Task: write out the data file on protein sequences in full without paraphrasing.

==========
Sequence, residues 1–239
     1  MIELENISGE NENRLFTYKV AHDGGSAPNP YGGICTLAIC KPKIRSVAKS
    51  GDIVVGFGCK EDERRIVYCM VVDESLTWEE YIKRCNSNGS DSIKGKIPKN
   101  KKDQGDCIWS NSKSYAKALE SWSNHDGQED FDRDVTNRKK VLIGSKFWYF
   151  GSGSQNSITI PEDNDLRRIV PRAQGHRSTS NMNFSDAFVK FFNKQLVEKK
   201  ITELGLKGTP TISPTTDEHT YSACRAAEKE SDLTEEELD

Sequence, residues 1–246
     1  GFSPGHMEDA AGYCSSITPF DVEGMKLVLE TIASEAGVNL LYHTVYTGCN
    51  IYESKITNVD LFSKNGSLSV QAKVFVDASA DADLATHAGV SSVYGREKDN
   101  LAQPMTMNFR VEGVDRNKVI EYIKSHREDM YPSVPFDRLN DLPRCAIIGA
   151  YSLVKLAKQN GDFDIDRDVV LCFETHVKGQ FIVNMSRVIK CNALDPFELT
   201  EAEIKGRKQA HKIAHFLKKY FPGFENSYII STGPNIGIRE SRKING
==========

Sequence, residues 1–239
     1  MIELENISGE NENRLFTYKV AHDGGSAPNP YGGICTLAIC KPKIRSVAKS
    51  GDIVVGFGCK EDERRIVYCM VVDESLTWEE YIKRCNSNGS DSIKGKIPKN
   101  KKDQGDCIWS NSKSYAKALE SWSNHDGQED FDRDVTNRKK VLIGSKFWYF
   151  GSGSQNSITI PEDNDLRRIV PRAQGHRSTS NMNFSDAFVK FFNKQLVEKK
   201  ITELGLKGTP TISPTTDEHT YSACRAAEKE SDLTEEELD

Sequence, residues 1–246
     1  GFSPGHMEDA AGYCSSITPF DVEGMKLVLE TIASEAGVNL LYHTVYTGCN
    51  IYESKITNVD LFSKNGSLSV QAKVFVDASA DADLATHAGV SSVYGREKDN
   101  LAQPMTMNFR VEGVDRNKVI EYIKSHREDM YPSVPFDRLN DLPRCAIIGA
   151  YSLVKLAKQN GDFDIDRDVV LCFETHVKGQ FIVNMSRVIK CNALDPFELT
   201  EAEIKGRKQA HKIAHFLKKY FPGFENSYII STGPNIGIRE SRKING